Latex allergies update.
At any surgical center, the staff works diligently to maintain a steady flow of patients. Each area, from Admitting through Pre-OR Operating Room, and Recovery Room, runs only as smoothly as the one preceding it. This all comes to a halt when a patient suddenly remembers to mention that they are allergic to latex.
We have all heard of the person who dies because of an overwhelming anaphylactic reaction to a bee sting, yet we do not associate this kind of an event with a latex allergy. This can be a fatal mistake. Even healthcare providers have told me that they get skin rashes on their hands after wearing latex gloves but, "it is not a problem." Although an initial reaction to latex may be present as only a few small blisters or a brief rash, any sensitivity can progress to an anaphylactic reaction without warning.
The history of latex sensitivity
Although rubber gloves have been used in medical practice for many years, universal precautions were not instituted until the AIDS (Aquired Immune Deficiency Syndrome) epidemic reared its ugly head. The illness led to an explosive demand for latex gloves, and we began to see a sudden increase in the occurrence of latex reactions. Soon, reports began to emerge that implicated other medical and household products containing latex rubber. Severe anaphylactic reactions were reported, first in the healthcare setting, and later in dental offices and glove manufacturing facilities.
Latex allergies manifest as urticaria (hives), angioedema (swelling of the tissues beneath the skin or mucous membranes), upper and lower respiratory system symptoms (difficulty breathing), and cardiovascular involvement. Direct skin contact may give rise to localized or generalized urticaria so slight that it can be mistaken for dry, irritated skin, or even an insect bite. At this point, simply washing the hands could end the exposure. Unfortunately, people tend to rub their faces, noses, and eyes, spreading soluble latex proteins. Once these mucous membranes are exposed, the proteins may be inhaled, leading to serious consequences, beginning with inflammation of the nasal passages, eyelid linings, and angioedema of the mouth--progressing to wheezing and difficulty in breathing and often a life-threatening anaphylactic reaction.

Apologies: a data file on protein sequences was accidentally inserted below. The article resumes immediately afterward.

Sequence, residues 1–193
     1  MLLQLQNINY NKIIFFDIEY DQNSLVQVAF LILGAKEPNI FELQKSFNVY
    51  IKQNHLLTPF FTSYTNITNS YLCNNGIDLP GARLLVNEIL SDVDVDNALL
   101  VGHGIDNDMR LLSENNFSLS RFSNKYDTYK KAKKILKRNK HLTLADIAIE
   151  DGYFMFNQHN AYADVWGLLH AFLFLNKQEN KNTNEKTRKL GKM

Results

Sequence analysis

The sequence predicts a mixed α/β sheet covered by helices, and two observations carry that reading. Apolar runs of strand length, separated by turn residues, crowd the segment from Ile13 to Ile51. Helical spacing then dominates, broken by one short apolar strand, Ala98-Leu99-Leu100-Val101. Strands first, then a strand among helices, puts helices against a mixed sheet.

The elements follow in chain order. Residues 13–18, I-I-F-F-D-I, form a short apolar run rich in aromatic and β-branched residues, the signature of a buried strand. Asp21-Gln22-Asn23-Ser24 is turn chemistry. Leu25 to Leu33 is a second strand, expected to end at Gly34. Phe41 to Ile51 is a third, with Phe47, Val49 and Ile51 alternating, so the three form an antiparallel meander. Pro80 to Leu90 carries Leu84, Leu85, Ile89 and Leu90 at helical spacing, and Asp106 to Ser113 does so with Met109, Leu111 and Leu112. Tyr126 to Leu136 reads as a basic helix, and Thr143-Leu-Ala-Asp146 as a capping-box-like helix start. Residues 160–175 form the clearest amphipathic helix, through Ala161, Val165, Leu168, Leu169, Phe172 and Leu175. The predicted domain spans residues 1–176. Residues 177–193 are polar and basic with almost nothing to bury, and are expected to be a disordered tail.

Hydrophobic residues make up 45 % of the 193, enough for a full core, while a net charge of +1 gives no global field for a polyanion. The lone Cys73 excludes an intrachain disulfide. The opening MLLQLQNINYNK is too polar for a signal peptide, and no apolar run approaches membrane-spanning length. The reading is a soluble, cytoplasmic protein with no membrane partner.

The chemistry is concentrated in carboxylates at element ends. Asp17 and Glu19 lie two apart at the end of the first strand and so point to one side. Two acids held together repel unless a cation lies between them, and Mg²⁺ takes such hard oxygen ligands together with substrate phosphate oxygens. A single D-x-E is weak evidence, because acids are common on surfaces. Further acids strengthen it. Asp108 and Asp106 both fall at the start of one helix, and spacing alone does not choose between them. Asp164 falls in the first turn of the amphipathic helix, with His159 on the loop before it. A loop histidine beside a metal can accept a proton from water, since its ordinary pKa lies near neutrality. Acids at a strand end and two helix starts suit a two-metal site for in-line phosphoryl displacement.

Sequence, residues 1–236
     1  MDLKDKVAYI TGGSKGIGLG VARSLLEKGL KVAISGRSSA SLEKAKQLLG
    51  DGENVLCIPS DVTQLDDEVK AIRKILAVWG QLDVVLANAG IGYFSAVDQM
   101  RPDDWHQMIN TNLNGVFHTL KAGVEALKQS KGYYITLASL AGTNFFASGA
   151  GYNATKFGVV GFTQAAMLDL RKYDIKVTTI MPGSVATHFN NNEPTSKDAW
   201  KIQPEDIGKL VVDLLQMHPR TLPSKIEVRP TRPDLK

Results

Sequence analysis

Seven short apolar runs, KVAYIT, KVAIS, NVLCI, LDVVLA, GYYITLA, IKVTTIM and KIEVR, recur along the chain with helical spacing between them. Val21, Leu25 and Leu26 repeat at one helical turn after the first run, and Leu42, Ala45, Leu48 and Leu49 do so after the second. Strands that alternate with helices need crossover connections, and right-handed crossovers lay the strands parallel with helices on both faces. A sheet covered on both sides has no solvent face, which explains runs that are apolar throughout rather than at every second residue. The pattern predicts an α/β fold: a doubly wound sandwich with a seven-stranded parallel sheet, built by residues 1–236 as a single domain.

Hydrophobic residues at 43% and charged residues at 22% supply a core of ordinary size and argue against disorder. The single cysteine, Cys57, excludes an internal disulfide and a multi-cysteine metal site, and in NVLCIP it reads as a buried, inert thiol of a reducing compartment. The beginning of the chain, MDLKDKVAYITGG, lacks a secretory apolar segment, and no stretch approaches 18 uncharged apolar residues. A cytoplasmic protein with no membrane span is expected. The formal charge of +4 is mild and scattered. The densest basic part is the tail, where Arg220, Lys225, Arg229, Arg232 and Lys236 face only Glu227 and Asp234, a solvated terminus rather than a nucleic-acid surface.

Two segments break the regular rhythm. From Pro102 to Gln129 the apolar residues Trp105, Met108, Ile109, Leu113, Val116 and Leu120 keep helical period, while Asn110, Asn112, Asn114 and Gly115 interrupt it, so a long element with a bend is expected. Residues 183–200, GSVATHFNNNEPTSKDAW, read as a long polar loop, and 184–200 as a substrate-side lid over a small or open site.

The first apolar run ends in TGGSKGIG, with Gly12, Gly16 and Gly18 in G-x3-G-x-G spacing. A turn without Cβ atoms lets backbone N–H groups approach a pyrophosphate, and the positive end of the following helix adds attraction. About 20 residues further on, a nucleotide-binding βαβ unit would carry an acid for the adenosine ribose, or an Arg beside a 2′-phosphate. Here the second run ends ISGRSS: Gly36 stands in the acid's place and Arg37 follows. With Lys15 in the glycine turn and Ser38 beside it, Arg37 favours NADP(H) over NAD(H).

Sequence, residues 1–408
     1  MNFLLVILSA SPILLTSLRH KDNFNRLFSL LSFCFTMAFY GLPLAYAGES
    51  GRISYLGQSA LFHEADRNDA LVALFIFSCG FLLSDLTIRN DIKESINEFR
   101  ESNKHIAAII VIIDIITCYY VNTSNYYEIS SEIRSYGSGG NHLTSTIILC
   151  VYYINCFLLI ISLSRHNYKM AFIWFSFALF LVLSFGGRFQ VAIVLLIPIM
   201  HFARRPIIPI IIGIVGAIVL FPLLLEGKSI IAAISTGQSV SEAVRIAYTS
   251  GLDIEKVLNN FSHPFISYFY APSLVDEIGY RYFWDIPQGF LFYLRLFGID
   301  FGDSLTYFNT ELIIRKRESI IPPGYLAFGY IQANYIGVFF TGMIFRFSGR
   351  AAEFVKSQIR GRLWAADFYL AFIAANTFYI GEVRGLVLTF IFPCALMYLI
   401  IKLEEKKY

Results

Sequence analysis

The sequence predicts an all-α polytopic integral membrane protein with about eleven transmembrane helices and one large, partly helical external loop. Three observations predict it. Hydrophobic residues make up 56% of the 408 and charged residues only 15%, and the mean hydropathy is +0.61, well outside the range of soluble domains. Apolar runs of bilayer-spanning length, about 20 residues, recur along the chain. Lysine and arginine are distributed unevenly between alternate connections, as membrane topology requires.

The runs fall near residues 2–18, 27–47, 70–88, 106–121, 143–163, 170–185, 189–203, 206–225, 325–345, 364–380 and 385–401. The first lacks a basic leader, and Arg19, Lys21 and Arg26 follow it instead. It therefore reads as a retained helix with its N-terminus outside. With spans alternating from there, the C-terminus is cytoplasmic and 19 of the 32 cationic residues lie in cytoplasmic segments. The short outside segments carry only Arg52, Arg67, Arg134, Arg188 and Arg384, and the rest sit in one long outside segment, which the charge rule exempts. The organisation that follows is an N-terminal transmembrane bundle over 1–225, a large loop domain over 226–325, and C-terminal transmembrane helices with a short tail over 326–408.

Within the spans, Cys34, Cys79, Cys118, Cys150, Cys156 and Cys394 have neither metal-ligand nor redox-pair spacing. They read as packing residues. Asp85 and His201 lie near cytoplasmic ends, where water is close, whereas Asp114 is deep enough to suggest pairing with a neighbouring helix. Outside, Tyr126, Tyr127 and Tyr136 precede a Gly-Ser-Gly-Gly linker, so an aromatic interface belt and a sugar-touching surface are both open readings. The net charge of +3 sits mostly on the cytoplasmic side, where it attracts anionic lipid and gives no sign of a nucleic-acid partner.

Who is at risk?
Only 0.08 percent of the general population react to latex. Several groups have a higher risk for reactions to latex. Healthcare workers in hospitals (1.3 percent), workers in the rubber industry (10 percent), and dental practice personnel (13.7 percent) are among the occupational risk groups. Patients with spina bifida have an incidence of 18 to 40 percent. Any person with a congenital urologic abnormality is also at risk and generally has a history of allergic reactions to common latex products, such as toy balloons and rubber bands. People with allergic reactions to foods such as avocado, celery, kiwi, passion fruit, and bananas are also at risk for latex reactions.
What can be done to lessen the risk of a reaction in the medical setting?
EDUCATION + PLANNING + VIGILANCE = SAFETY.
Planning: Most institutions now have formal protocols and are well equipped to handle latex sensitivity.
Education: Publications, community healthcare forums, and television programs are vital in educating the public about the dangers of latex sensitivity. Informed consumers spur healthcare facilities to develop institutional guidelines and protocols for dealing with latex allergies.
Vigilance: If you are in the high-risk group, or you think you have a problem with latex, get the facts from your primary healthcare provider or an allergist. If you have a latex sensitivity or allergy, stay alert for hidden sources of latex in your environment. Make sure your healthcare practitioners and facilities have a protocol in place and that they adhere to it. If there is any doubt, ask questions. If you are not convinced, go somewhere else!